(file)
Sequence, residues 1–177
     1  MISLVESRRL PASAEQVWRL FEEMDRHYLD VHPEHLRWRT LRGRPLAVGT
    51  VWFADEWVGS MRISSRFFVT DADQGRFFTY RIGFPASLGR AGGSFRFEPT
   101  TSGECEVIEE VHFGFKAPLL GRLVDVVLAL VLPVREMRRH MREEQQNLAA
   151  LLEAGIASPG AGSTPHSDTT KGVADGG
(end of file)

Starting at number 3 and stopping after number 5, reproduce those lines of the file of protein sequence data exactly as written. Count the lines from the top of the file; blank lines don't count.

    51  VWFADEWVGS MRISSRFFVT DADQGRFFTY RIGFPASLGR AGGSFRFEPT
   101  TSGECEVIEE VHFGFKAPLL GRLVDVVLAL VLPVREMRRH MREEQQNLAA
   151  LLEAGIASPG AGSTPHSDTT KGVADGG